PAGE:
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A few Haunts

The following content is reincarnated from a street racing site that unwittingly ignited intense interest in all things paranormal.

Grief & Black Aggie

Little is as eerie as the baleful stare of graveyard statuary, which runs the beautiful-to-frightening gamut between angels and even the dead themselves.

Grief Rock Creek Cemetery, Rock Creek Park, Washington, DC

Grief is the nickname for the ominous memorial for Marian "Clover" Adams, wife of Henry Adams (president John Quincy Adams' grandson), who drank potassium in suicidal depression over her father's death, 1886.

Henry Adams commissioned Augustus St. Gaudens, a premier American artisan at the turn-of-the-century whose works included the figure of Diana (Madison Square Gardens) and monuments to American statesmen Lincoln and Sherman, to create a monument to replace Clover's simple headstone. It was placed over Clover's grave in Rock Creek Cemetery, Washington, DC.

Henry Adams never spoke publicly about Clover's death, did not officially name the monument or authorize its inscription, had the monument hidden behind trees and shrubs, and refused to acknowledge its popular nickname which was perhaps dubbed by St. Gaudens himself, though some claim Mark Twain, who visited in 1906, coined "Grief."

Intrigue fueled interest, especially as Grief was so unnerving to regard.

Within a few months of gravesite placement, someone made a partial casting of Grief, an incredible piracy consummated by sculptor Eduard L.A. Pausch.

This stolen copy became "Black Aggie," Grief's illegitimate twin.

Black Aggie Druid Ridge Cemetery, Pikesville, MD, near Baltimore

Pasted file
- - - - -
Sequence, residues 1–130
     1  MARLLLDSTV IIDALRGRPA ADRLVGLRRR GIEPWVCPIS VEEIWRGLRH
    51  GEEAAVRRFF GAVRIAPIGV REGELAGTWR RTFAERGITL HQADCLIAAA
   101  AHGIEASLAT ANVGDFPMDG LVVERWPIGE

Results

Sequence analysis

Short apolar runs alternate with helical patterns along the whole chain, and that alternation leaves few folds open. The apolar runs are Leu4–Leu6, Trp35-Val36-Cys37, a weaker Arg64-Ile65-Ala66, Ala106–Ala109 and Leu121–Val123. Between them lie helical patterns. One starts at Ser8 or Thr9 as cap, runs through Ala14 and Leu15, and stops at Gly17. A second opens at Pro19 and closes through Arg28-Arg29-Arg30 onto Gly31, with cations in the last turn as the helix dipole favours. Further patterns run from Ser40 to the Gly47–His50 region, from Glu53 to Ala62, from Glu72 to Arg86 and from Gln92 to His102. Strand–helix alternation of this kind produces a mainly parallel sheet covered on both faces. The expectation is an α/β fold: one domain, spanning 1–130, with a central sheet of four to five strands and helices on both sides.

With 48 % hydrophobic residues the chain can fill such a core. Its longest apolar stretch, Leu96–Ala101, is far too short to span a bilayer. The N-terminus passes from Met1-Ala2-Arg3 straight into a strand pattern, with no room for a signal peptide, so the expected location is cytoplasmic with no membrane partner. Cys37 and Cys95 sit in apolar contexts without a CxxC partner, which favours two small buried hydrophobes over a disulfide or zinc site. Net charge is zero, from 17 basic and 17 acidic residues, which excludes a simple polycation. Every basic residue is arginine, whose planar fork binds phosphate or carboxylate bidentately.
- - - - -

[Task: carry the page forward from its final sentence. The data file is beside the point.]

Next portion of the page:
War hero General Felix Agnus, publisher of Baltimore's "American" newspaper, whose friend writer H.L. Mencken chided, "had so much lead in him that he rattled when he walked," purchased the Pausch copy of the sculpture in 1905 during construction of his family plot in Pikeville's Druid Ridge Cemetery, near Baltimore.

Widow St. Gauden complained of the piracy, and Agnus quickly responded as the innocent victim of unscrupulous art dealers. Agnus sued and won a claim of over $4500, but he refused to give up the statue.

First buried at the site was the General's mother, brought over from France. Wife Annie died in 1922, and Agnus died three years later at the age of 86.

Though innocent in daylight, yet illegitimate and perhaps inspired by those who regard with terror in the dark, the Agnus Monument soon became known as Black Aggie.

Distorted legends grew with eerie tales told about this spooky piece of graveyard art. Reportedly, grass died in her shadow. Miscarriages, unexplained deaths, and the 1962 newspaper story about an odd incident in which one of Black Aggie's arms, having been dismembered overnight, was found in a sheet metal worker's car along with a saw; explanation: Black Aggie cut off her own arm in a fit of grief and gave it to him.

The curious gathered almost nightly with the attendant lurid strangeness keeping their fancy.

Although Pikesville was fairly remote at the time, the site was frequented by hundreds or perhaps thousands of people over several decades. Vandalism included names scrawled onto Black Aggie, her granite base and retaining wall.

Despite thorny thickets, groundskeepers could not hold the curious at bay. A fence currently surrounds the grave of the Agnus family today, but previously the cemetery was wide open. On 18 Mar, 1967, ceaseless nocturnal celebrity caused the Agnus family to donate Black Aggie to the Smithsonian Institution for display.

This presented an enigma for later fans attempting to locate Black Aggie. The Smithosonian claimed they did not have her, and, despite some recalling her brief display in the National Gallery, she does not appear in their records. The Smithsonian had apparently passed on Black Aggie to the National Museum of American Art, where she was stored without display. Having been long fascinated with the legend, Baltimore area writer Shara Terjung tracked down Black Aggie in 1996.

Black Aggie now sits at the Federal Courts building in Washington, in the rear courtyard of the Dolly Madison house, while her firstborn twin Grief is located at the Adams family gravesite in Rock Creek Cemetery, Rock Creek Park, Washington, DC.

Black Aggie at the Dolly Madison House today

HAUNTED HOUSES by Richard Winer and Nancy Osborn (1979)
Baltimore Sun (Newspaper)
Baltimore News American (Newspaper)
Weekly Retriever (Newspaper)
IN THE STATUE’S GRIP by David Buscher (unpublished)
Shara Terjung
Tom Stansbury
Troy Taylor